FROM FOR THE RECORD (Thursday, February 6, 1997): Correction A substantial portion of the large families served by the Spokane Food Bank are immigrants, but those immigrants represent only a small percentage of all food bank users. A story in Wednesday’s paper about a large food donation received Tuesday incorrectly described the portion of food distributed to immigrant families.
Volunteers at the Spokane Food Bank unloaded more than 7,000 pounds of beef stew, peaches and pasta on Thursday purchased with a gift from a local bank.
The food will go to 19 Spokane County organizations, mostly churches, which provide emergency supplies to families who find themselves without food.
The Washington Trust Foundation paid the $5,000 bill for the food with a donation arranged by the late Rick Scammell, vice president of the bank.
Scammell, 47, discussed the donation with food bank representatives in December. He died in January, two weeks after he was diagnosed with cancer.
“But I opened an envelope in January and there was a check and letter from the bank with a promise to follow through” on other commitments, said Ann Price, a food bank manager.
The food bank is one of the few charities to receive ongoing support from the foundation, said Lea Werner, senior vice president.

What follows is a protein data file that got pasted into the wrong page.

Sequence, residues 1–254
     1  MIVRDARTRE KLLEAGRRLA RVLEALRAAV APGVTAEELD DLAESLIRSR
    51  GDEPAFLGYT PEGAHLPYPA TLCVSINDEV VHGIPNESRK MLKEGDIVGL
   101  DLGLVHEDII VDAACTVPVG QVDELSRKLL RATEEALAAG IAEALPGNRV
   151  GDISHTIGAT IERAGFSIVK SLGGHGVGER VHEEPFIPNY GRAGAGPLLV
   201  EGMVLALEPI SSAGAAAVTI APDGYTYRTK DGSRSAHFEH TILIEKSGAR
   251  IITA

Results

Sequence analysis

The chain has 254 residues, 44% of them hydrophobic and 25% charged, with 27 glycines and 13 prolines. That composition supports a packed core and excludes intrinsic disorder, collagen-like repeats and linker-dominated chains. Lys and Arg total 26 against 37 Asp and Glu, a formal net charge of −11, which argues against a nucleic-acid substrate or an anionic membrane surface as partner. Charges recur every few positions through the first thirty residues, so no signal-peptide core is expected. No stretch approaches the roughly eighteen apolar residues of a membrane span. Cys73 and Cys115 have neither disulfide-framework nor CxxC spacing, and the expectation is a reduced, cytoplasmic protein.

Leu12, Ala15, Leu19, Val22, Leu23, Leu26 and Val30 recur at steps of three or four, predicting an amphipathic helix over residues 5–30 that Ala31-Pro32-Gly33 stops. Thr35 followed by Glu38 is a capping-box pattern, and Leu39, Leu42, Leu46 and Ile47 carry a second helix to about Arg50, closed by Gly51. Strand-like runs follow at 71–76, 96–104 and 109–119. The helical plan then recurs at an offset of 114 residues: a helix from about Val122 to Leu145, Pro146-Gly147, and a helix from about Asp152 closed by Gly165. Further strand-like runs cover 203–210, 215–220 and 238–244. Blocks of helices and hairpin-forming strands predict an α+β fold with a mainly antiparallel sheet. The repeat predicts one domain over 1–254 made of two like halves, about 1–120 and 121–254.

“We’ve been doing this for years and that will continue,” she said.
Much of the food handed out in emergency situations is donated during a variety of food drives throughout the year.
While Spokane residents are generous, Price said, family-size items and food containing protein are always lacking.
“With this money, we got to shop for what we needed,” she said.
Large families usually have to take two or three food baskets to get through a crisis, she said. Immigrant families new to Spokane make up a substantial number of the people who need help putting enough food on the table, Price said.
The Washington Trust Foundation and the bank itself donate about $500,000 to charitable causes every year, Werner said.
Several bank officers were on hand Tuesday to see the shipment arrive.
“A lot of times we never get to see the results of our donations,” Werner said. “It’s nice to take that extra step, to see a true end result right away.”
, DataTimes ILLUSTRATION: Color photo
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